Tuesday, January 15, 2019

Golden Age of Beat'em Ups

Staring in 1988 there was a little over half a decade or so that marked an incredible time for side-scrolling sprite-based beat'em ups.  It was an era wherein Double Dragon and Final Fight hit the arcades, but for me a series of Sega titles are what really defined the genre.  Let's take a look at one of the IPs, shall we.

Golden Axe initially came out as an arcade machine in 1989, but was quickly ported to the then new launched Sega Genesis (also known as the Sega Mega Drive).  The home console version boasted two additional levels, but oddly enough lacked some of the polish and flare of the original arcade version.  For example the eyes of the gigantic turtle and bird, that help by conveying the player(s) on their backs from one area to another, don't animate giving the impression that they are lifeless entities rather than semi-divine forces of nature.  The corpses of slain enemies also quickly vanish in the Genesis version, whereas in the arcade they remain but take on a earthly brown hue.  The final boss gets a more interesting intro in the arcade version of the game as well; snakes slither into a pile of corpses then coalesce into a supernatural executioner rather than simply having him barge through a door at the top of the screen.

Both the arcade game and the Genesis port got a sequel although neither has much of anything in common with the other.  The arcade machine, Golden Axe: Revenge of the Death Adder, draws its namesake from the last boss (of both original and sequel) which has more than a passing resemblance to a quintet of Frank Frazetta paintings entitled "The Death-Dealer" I to V.  The arcade game also allows up to four people to player simultaneously though for some reason only one of them is from the original game - the dwarf who is inexplicably riding piggyback on a big dude.  The other three characters are also pretty bizarre consisting of a little guy with a pitchfork, a centaur woman, and a blue loincloth-wearing barbarian that looks a lot like Ax Battler (A.K.A. Tarik) from the original game, but is in fact a different character named Sternblade.  The mounts are somehow even more outlandish than the original as well.  Thought riding an oversized chicken was weird?  How about a giant mantis or scorpion!  Because of the sprite size things can get pretty crowded on-screen, particularly when playing with all four players at once.  On the plus side though it's possible to perform special team attacks on enemies and even bosses.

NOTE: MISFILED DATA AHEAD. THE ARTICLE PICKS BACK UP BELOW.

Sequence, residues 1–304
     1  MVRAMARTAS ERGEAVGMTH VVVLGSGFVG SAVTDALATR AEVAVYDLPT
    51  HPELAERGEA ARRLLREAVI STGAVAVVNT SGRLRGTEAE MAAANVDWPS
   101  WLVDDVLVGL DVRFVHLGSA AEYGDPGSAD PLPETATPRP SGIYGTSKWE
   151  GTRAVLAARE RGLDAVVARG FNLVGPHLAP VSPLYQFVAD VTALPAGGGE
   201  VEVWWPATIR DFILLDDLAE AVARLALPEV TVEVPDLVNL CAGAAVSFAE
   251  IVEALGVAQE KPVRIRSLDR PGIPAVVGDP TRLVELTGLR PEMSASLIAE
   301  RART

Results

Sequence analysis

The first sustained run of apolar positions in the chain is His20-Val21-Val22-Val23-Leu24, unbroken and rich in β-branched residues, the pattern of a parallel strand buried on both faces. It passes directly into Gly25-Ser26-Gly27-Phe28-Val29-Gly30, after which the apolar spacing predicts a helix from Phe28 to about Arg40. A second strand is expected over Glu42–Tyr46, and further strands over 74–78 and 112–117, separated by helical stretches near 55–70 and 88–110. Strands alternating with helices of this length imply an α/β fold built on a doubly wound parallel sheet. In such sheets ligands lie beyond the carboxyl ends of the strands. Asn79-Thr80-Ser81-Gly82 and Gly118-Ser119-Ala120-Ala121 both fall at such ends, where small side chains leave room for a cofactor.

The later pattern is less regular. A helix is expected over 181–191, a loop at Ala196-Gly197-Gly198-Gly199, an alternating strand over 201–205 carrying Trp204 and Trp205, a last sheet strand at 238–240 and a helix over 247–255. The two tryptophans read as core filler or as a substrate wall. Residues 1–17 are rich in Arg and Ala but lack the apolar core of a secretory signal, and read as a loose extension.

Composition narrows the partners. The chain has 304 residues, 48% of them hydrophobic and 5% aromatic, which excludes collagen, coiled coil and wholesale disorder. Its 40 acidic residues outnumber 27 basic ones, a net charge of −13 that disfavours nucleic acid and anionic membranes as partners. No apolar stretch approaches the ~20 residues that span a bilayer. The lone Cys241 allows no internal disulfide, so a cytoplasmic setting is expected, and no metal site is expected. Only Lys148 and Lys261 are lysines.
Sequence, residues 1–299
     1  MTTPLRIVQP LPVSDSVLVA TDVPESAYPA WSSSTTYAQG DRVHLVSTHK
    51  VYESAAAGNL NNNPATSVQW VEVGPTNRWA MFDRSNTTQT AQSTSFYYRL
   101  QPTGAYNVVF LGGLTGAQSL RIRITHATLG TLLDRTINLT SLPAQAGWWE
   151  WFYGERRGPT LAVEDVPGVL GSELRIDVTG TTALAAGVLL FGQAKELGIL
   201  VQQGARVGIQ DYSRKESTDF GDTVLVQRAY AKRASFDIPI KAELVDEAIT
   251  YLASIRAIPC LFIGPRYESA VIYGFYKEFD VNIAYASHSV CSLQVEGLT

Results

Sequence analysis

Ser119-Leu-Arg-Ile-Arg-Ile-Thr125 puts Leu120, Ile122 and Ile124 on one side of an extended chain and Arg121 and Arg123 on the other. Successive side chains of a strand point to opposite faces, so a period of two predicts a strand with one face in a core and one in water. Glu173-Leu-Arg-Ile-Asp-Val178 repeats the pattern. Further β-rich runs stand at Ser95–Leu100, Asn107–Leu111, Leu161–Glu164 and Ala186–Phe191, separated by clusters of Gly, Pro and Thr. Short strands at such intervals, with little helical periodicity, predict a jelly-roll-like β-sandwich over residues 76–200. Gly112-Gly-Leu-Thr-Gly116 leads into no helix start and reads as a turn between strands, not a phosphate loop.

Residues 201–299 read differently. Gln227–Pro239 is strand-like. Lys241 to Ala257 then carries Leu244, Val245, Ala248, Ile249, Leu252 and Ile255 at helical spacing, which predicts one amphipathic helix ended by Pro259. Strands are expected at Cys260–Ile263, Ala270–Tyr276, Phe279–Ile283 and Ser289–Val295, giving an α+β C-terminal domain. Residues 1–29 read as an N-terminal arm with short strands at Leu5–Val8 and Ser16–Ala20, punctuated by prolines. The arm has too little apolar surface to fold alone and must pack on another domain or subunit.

Meanwhile, Golden Axe II for the Genesis is a very different beast.  The original three player characters are back and largely unchanged in terms of appearance and movesets.  Enemies get new looks, but aren't much different in terms of attack patterns.  However, the magic system did get a significant overhaul.  The thieving gnomes from the original game were replaced by small wizards able to fight back and who drop spellbooks in lieu of potions when hit.  Unlike the all-or-nothing potion-based magic system of the original it's possible, here, for the player to select the power level of their screen-wide AOE magic attack by holding the magic button and letting it charge then releasing it at the desired level to unleash the attack.  It's an interesting feature that is unique to the second installment on the Genesis.

Never released in cartridge form outside of Japan, Golden Axe III took one step forward and two steps back in terms of design innovations.  It had some improvements in terms of character movesets, including team attacks similar to what was in the arcade sequel, and a branching stage progression routes.  Unfortunately, the environments are pretty bland looking regardless of which direction players go and the sprite animation for characters and enemies look stiff and awkward compared to previous installments.  The magic system also regressed back to the all-or-nothing of the original game with the added setback of giving all four possible player characters the exact same magic meters.  Cosmetically speaking, each character retained their own unique set of visuals when making magic attacks, but that little extra layer of the game having to do with how best to distribute potions (or spellbooks) for maximum effect was largely removed.

There were a few other entries in the Golden Axe series, including a one-on-one fighting game and a pair of Zelda-style adventure games.  Much later the licence would be contracted out by Sega to a third-party developer resulting in Golden Axe: Beast Rider.  Suffice it to say, the game was not good.  I will return to it at a later date, but next I want to talk about another Sega beat'em up series with a more contemporary setting.

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